Have you ever run across one of those opinion pieces where you understand exactly where the author is coming from but realise they are shaking the wrong end of the stick?
Well, I found one of those pieces on how people have stopped reading novels. Apparently.
The article starts strongly, outlining the evidence for the argument. We get to hear about the “many” conversations that the author has had that confirm their belief.
I’ve gone from writing a regular column on scifi books for The Guardian, to a year without reading novels. What happened?
I keep having the same conversation about novels. I tell people that I don’t think anybody is reading novels any more. Usually, the response is outraged. I have a lot of writer friends. Clearly, none of us like the idea that the readers are drying up. Then I dig a bit and it becomes clear – they haven’t actually read a novel themselves in years.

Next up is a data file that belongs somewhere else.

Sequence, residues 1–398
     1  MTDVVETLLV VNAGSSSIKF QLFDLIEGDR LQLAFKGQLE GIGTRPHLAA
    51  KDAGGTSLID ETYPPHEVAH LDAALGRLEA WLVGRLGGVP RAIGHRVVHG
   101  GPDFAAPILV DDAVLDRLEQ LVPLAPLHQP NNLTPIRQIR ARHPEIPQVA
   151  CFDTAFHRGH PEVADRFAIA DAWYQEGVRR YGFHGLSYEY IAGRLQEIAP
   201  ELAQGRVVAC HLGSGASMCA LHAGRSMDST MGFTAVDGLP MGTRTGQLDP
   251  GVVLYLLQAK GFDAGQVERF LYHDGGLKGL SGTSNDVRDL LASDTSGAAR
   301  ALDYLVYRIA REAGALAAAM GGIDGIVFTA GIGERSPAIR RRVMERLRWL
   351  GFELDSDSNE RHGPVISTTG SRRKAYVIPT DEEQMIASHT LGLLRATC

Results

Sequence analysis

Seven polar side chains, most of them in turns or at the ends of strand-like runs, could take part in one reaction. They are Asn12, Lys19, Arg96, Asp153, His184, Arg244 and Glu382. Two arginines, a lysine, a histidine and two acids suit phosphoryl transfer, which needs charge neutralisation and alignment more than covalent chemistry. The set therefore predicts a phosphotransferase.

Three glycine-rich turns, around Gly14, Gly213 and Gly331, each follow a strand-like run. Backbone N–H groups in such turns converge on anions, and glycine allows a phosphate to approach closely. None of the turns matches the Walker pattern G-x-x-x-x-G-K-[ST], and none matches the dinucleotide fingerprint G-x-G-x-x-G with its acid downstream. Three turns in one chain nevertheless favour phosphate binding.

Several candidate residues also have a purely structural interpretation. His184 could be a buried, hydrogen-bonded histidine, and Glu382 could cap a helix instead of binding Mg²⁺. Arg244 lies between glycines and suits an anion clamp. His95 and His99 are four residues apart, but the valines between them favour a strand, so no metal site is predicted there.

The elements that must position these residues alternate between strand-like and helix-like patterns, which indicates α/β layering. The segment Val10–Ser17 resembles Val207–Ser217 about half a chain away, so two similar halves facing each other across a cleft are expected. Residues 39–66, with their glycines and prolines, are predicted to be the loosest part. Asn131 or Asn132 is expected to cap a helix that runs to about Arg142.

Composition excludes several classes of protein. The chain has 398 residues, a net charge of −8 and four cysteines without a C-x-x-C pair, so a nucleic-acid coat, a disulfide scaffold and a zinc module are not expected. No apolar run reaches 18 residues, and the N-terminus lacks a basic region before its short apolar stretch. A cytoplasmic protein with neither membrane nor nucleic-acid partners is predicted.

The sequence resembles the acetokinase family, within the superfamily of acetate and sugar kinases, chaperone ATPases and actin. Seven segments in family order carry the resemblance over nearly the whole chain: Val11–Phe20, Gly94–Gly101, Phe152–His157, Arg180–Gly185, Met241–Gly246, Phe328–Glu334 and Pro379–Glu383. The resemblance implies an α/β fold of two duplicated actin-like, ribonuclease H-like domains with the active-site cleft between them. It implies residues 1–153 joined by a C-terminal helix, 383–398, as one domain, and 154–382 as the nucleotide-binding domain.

I’m obviously overwhelmed with this high-quality anecdata. The $122 billion publishing industry, which is expected to grow by 6% by 2023, is bound to just give up now and stop releasing books.
But don’t worry, the author has more evidence…
My primary evidence for the death of the reader is the death of my own reading. It’s been a year since I’ve read a novel. “Well you must just be one of those dumbasses who doesn’t read!” I hear some folks thinking. That would be less worrying, wouldn’t it? But the truth is that, until quite recently, I was a professional reader.
While I was writing my regular column on sci-fi books for The Guardian I was getting through five or six full books a month, and looking at maybe two dozen in part. Plus reading for reviews with SFX magazine and elsewhere. I would trawl through the new releases looking for anything promising. And while doing that, something happened.
I was finding less and less I wanted to read.